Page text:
I needed a big sprocket on the tire and a small one on the engine. I did the math and was afraid a 6,000 rpm weed engine would translate to a very fast scooter (it didn't by the way and I will be upgrading in the future)

the large sprocket came from a used crank from a bicycle shop.

I got the freewheel hub out of a rear bicycle wheel.

the wheel was the existing wheel from the back of the scooter.

had a couple discs made so I could weld sprockets from the salvaged cassette to the disks and bold the discs to the large sprocket. i used a combination of existing spacers that came from the cassette and acrylic disks I cut out to locate the sprocket and mount it to the freewheel hub

Step 4: Attaching Hub to Tire

I drilled, cut, filed and sanded the existing tire hub and JB welded the new hub to the exiting tire.

Step 5: Attaching Sprocket to Drive

Note: some string trimmers have a centripetal clutch, some do not. my first efforts were involved trying to figure out how to put a chainsaw clutch on a trimmer without a clutch (big challenge) and then I found a trimmer with a clutch at a garage sale for $15.... problem solved.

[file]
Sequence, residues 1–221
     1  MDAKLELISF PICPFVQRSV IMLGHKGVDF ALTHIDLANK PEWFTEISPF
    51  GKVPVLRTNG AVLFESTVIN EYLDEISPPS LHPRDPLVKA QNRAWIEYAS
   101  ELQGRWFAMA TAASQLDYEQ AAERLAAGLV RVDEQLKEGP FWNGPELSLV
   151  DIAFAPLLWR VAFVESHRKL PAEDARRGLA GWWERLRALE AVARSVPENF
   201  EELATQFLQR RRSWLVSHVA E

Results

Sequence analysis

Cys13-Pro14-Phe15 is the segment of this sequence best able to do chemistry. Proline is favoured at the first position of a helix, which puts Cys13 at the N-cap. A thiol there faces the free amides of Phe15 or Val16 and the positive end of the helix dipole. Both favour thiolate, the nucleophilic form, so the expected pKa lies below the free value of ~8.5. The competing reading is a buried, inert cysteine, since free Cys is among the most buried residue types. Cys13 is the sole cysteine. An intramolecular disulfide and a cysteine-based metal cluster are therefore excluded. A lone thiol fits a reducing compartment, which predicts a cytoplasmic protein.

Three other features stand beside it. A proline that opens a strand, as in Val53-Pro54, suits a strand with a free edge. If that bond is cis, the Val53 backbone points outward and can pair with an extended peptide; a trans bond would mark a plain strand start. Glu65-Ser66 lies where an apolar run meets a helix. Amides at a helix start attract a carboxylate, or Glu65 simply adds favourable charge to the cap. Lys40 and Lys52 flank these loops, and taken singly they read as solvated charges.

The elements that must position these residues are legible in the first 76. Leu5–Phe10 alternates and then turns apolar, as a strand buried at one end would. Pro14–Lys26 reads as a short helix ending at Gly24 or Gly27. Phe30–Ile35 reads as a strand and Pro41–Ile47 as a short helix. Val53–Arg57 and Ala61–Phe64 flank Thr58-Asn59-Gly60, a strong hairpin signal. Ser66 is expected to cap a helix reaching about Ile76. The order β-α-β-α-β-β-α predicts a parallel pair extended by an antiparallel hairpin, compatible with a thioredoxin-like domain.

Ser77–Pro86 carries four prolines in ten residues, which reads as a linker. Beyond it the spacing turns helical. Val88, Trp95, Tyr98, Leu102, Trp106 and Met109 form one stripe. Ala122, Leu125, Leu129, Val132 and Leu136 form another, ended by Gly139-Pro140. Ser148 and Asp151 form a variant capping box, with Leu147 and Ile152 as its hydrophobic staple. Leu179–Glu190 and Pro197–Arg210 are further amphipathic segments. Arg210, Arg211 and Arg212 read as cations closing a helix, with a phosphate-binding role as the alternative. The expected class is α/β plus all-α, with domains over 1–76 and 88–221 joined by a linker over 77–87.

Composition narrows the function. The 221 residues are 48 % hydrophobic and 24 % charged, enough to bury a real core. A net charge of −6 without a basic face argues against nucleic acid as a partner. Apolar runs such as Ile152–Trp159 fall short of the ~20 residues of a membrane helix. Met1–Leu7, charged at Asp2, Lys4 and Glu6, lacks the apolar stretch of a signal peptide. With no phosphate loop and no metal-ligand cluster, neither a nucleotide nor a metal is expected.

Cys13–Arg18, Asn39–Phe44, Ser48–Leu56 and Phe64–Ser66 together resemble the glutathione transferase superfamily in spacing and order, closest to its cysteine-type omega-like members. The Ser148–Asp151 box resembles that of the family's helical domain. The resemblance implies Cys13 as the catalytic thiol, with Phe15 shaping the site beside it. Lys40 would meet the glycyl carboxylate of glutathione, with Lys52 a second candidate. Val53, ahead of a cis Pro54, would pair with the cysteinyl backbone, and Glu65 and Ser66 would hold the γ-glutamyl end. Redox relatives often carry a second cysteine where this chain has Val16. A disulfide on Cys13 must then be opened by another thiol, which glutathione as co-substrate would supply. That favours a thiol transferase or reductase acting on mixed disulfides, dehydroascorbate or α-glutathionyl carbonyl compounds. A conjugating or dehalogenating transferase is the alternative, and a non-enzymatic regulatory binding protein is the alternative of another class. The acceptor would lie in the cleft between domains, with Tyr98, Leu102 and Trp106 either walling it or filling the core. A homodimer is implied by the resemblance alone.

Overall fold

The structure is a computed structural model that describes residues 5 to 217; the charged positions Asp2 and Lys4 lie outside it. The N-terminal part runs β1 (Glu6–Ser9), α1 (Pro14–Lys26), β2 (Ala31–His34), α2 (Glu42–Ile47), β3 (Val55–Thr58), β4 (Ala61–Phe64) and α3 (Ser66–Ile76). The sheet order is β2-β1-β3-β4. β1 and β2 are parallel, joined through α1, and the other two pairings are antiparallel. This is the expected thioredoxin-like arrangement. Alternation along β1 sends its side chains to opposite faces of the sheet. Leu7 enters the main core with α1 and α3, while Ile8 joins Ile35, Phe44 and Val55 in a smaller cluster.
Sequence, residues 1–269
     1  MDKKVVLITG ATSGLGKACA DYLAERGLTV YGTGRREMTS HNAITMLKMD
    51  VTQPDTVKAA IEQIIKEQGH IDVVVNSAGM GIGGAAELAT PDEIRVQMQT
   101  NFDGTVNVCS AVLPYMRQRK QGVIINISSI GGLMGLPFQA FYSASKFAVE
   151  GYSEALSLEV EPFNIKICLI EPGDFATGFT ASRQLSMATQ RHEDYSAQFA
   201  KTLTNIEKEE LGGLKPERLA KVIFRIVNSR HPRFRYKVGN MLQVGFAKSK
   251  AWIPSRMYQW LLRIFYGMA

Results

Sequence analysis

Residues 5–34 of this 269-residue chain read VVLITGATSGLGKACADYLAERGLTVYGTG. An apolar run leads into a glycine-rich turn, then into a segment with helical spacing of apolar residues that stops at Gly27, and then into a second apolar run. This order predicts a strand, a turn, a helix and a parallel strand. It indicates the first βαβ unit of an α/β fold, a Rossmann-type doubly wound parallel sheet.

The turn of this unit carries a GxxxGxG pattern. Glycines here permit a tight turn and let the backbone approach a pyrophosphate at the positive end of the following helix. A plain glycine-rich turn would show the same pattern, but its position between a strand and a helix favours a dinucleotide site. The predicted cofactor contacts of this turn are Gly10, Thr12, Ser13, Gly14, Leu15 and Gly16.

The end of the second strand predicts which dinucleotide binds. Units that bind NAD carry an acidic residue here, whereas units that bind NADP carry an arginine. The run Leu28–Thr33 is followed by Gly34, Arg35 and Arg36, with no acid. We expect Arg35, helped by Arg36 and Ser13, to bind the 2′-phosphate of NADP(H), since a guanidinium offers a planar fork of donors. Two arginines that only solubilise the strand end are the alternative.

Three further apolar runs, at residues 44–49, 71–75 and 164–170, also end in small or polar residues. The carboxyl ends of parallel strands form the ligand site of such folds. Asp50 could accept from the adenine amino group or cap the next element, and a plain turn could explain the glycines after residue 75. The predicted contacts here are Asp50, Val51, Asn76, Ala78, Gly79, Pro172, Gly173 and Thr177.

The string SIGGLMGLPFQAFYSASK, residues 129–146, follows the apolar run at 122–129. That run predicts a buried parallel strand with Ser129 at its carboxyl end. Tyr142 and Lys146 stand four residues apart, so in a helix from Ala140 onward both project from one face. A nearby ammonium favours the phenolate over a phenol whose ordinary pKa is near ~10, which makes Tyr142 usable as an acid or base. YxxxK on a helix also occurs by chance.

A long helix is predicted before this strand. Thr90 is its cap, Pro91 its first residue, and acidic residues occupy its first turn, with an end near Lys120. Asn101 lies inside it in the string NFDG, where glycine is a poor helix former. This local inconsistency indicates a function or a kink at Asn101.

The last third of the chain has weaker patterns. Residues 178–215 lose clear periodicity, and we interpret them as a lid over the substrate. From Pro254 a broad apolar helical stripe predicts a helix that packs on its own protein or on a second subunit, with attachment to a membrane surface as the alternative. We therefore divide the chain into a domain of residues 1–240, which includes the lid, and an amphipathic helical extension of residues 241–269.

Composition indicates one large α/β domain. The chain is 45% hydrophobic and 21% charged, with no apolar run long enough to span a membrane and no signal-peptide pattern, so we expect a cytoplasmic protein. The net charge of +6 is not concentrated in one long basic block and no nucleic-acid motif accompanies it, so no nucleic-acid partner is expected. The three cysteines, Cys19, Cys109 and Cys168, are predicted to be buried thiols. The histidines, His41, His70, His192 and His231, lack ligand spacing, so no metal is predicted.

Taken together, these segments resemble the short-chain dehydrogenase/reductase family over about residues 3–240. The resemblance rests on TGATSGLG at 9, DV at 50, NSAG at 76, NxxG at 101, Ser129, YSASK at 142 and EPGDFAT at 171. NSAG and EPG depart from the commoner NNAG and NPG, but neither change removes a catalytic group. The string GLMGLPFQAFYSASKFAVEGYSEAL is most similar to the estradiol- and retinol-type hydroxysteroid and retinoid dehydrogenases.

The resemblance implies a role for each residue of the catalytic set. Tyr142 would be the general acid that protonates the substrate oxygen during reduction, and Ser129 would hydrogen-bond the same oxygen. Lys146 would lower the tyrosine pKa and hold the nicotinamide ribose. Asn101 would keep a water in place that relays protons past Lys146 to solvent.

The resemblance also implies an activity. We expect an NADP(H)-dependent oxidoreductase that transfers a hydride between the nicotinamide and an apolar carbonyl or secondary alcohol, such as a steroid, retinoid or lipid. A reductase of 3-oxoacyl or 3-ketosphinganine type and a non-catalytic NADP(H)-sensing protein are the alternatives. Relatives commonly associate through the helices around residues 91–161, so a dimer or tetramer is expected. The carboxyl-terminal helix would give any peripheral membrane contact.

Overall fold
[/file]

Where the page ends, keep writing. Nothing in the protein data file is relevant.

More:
I cut a length of black pipe that fit snugly over the drive shaft (and clutch cover) added a washer as a spacer and to center the small sprocket and welded it all together (a couple times)

Step 6: Measurements and Design

Turns out that the mounting width of new rear tire is a couple inches wider than the mounts on the scooter.

So I built a temporary framework to get measurements and lay out the design, then drafted it to get the cut angles and dimensions of the frame.

Step 7: Marking and Cutting the Tube Steel

Then using the tube steel salvaged from inside the base of the $2 chair I cut the pieces to length.

I struggled a bit to figure out how to make parallel angle cuts on tube steel. the technique I came up with involved cutting the angles on a square pieces of wood, holding the tube steel tight against the angle then finding the high point by placing the tube between two adjacent then running a file across the three to find the high point. I then marked down the center line with a sharpie and piece of angle. I am sure there is someone out there that has a better way of doing this. If you are them and you have read this far please explain in the comments section.

Step 8: Learning to Weld